Friday, April 5, 2013

Verint Systems Guidance Looks Conservative

Verint Systems $VRNT is one of those stocks that you buy because you think it’s good value and then get bored with as the market ignores it for ages. Then one day you look again and realize that suddenly somebody noticed it and it's up sharply. The buzzwords of big data, cyber security, customer relationship management (CRM) and data analytics all seem to trigger market interest, and it looks like the market has finally woken up to this stock. So after the sharp rise, is it still good value?

Verint Reports Solid Results

Verint’s recent results were good and came accompanied with more bullish commentary on current performance, although the usual conservative looking guidance was issued. For those not familiar with the company I have some background on Verint and its chief rival Nice Systems $NICE in an article linked here. Not only is Nice a rival, but it is also potentially an acquirer or merger partner of Verint. A deal between the two makes a lot of sense because they are complementary with their end markets and geographies.

The idea behind investing in these companies is that as companies increasingly see the value in analyzing customer interactions and making actionable decisions from structuring data then they will also invest in monitoring it. Similarly security issues require governments to increasingly engage in intelligence gathering from monitoring and surveillance. Indeed, Verint is more of a government (25% of revenues) and security play, while Nice is more focused on enterprises.

A breakdown of revenues for the full year.




Enterprise intelligence revenues have been growing strongly, and Verint described the pipeline as being stronger than in recent years. Furthermore, this segment contains more software and analytics sales, so as it increases we should expect gross margins to improve. The one weak area has been video intelligence, but that is more about declining hardware sales and the forecast is for this segment to be flat this year.




From Hardware to Software

Investors will note that both Verint and Nice analysts estimate high single digit revenue growth for the next few years, but the bottom line is only forecast to grow at a similar rate. Why is this, especially as gross margins are rising and software and analytics become a larger part of the mix? In addition, is the PE ratio the best way to value this business?

I’m going to answer these questions by looking at Verint, although Nice is seeing the same kind of dynamics.

Firstly, let's look at the relationship between product share of revenues, gross margins and free cash flow generation. Free cash flow and margins go up as product revenue share of total revenues declines.




While generating more free cash flow is a good thing it is partly because Verint (and Nice) are generating more sales from higher margin software/analytics revenues. This can be seen as bad by investors because it can cause earnings to grow slower in the short term.

However, if you think about it software revenues tend to be recognized over time while hardware revenues tend to be booked upfront. The best way to gauge the underlying trend is to look at deferred revenues as well as product sales.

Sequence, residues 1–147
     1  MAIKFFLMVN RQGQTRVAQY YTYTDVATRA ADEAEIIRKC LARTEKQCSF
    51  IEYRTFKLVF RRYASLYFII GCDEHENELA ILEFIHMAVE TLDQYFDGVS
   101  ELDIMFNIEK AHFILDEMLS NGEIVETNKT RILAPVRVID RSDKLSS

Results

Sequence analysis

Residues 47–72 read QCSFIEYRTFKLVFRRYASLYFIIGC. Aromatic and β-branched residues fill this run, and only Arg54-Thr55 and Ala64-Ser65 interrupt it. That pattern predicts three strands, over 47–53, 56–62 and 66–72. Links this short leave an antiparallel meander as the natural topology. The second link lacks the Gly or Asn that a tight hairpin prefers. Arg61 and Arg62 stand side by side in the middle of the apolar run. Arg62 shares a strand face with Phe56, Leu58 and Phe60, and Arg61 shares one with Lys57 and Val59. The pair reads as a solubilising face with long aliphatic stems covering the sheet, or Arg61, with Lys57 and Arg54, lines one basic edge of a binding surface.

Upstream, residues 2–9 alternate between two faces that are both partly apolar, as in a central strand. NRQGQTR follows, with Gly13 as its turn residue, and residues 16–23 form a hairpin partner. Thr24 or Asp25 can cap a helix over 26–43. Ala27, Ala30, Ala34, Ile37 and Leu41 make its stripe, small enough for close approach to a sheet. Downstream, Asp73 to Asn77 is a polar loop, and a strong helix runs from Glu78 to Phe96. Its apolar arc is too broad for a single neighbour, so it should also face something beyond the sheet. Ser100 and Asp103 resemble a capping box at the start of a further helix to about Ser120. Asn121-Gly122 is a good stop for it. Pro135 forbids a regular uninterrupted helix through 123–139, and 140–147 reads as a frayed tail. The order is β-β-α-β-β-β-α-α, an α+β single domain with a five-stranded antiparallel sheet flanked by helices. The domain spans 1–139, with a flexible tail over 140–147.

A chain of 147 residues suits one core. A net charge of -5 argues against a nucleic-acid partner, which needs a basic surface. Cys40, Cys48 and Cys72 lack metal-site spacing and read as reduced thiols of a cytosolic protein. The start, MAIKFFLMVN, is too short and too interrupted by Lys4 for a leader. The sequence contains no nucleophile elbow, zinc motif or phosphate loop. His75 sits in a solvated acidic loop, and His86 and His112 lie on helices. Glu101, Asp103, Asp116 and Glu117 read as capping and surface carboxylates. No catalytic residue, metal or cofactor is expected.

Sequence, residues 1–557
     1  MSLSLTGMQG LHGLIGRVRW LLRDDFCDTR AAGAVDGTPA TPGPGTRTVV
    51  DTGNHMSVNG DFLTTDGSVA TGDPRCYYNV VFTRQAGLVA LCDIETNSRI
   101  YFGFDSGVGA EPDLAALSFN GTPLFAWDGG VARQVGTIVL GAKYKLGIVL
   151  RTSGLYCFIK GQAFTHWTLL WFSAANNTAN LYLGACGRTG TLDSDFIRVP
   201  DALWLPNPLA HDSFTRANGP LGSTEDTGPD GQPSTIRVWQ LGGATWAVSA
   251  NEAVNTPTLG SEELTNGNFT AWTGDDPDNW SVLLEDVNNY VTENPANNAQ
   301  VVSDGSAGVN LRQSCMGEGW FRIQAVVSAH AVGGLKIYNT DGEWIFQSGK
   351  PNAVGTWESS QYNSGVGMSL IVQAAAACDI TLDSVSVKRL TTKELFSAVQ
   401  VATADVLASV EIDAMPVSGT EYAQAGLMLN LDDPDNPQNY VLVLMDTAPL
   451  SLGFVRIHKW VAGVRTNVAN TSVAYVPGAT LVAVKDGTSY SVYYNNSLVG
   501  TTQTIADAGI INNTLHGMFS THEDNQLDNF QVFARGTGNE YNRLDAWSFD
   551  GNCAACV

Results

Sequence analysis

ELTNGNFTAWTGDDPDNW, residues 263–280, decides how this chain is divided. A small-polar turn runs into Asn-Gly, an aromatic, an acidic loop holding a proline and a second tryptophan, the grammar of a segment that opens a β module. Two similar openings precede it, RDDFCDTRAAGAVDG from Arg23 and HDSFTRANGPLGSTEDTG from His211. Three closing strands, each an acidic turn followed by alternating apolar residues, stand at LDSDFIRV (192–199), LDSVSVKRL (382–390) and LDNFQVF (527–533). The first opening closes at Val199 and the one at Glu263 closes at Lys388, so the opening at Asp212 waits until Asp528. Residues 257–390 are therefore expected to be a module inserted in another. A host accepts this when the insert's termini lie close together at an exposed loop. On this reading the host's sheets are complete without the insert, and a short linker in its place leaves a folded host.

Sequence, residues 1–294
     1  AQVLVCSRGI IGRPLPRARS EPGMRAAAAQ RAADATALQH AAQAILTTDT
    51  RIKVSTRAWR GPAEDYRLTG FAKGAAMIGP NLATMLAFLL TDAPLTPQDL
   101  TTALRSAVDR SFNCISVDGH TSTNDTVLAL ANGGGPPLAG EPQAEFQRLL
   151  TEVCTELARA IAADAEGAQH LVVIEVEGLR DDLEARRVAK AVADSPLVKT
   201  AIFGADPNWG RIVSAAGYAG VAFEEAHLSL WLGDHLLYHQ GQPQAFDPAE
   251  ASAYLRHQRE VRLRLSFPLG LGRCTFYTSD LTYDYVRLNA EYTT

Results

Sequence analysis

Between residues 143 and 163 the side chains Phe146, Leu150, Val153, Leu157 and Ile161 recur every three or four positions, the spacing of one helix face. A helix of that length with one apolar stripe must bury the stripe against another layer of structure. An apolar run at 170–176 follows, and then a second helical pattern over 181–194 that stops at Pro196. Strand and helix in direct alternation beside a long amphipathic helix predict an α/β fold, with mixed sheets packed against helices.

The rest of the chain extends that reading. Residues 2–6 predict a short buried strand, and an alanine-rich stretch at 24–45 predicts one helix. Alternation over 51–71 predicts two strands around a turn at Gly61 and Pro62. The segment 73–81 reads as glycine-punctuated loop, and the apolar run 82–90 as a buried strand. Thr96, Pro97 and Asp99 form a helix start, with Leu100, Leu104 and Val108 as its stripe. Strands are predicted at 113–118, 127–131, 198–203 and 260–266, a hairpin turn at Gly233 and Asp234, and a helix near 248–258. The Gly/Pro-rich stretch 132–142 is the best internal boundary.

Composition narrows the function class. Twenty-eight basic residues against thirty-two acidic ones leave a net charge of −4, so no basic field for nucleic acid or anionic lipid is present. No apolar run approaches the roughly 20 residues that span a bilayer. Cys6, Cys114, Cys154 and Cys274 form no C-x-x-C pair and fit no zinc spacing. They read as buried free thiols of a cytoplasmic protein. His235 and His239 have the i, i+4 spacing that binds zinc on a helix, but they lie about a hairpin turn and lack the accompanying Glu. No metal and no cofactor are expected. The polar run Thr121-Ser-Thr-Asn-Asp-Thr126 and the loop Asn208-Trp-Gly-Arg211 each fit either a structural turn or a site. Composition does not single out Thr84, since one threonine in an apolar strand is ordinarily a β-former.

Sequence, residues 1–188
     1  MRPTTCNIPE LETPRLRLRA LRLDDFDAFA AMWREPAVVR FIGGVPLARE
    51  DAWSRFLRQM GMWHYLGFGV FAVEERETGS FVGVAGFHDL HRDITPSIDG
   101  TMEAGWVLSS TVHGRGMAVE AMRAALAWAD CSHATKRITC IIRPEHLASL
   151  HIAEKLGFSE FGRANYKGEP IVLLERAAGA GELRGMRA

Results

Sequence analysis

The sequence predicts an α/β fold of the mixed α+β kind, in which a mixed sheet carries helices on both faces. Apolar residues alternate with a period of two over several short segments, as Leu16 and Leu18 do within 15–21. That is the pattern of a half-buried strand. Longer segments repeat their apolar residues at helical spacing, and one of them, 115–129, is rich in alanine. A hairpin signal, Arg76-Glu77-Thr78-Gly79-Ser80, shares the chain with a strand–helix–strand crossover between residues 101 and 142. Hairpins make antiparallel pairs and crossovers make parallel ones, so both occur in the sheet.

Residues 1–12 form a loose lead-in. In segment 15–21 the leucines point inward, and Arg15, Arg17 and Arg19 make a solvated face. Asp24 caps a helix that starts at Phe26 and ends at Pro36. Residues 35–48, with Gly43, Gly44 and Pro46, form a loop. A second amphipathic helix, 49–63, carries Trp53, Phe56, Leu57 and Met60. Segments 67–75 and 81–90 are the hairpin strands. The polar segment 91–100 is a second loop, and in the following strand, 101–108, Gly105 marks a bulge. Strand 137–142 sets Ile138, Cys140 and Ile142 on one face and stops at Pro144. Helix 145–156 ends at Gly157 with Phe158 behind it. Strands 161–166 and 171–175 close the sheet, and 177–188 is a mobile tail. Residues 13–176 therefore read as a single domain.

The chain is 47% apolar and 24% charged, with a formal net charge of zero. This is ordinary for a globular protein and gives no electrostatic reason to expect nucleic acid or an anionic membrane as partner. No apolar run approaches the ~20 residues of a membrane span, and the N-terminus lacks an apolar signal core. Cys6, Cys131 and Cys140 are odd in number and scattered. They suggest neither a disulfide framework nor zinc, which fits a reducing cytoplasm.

Note how current deferred revenues are growing in the last three years even while product revenue growth is slowing.

I have included product revenue growth as a useful benchmark, but Verint (or Nice for that matter) doesn’t, strictly speaking, have a razor/blade model. An industry company to compare them with is Check Point Software $CHKP This IT security company does have a razor/blade model, and even though it is growing its software revenues, its product and license growth is now negative. This implies that growth going forward will be difficult to come by. I’ve covered Check Point in more detail in this article. The difference between CHKP is that the hardware is the first foot in the door while Verint and Nice sell their solutions as part of an overall mix.

Overall the underlying trend is good for Verint.

Where Next for Verint?

This is a difficult question to answer because its future may well lie in a merger with Nice. In addition, it has simplified its corporate structure with the acquisition of Comverse Technology (which formerly owned a large chunk of Verint) so the extra liquidity will appeal to investors.

There are a few drivers here. A key competitor of both Nice and Verint is Hewlett-Packard’s $HPQ Autonomy. This company is allegedly under investigation by the Serious Fraud Office (SFO) in the UK and the US Department of Justice. Ironically, the SFO is a customer of Autonomy. I think it is reasonable to expect Verint and Nice to be favored in competition with Autonomy as a consequence of the cloud hanging over Autonomy.

In conclusion, Verint is getting close to that 5% free cash flow yield that I find attractive, and in the future it can grow cash flows in excess of its revenue growth. I prefer (and hold Nice), but I don’t think investors will go far wrong with Verint either.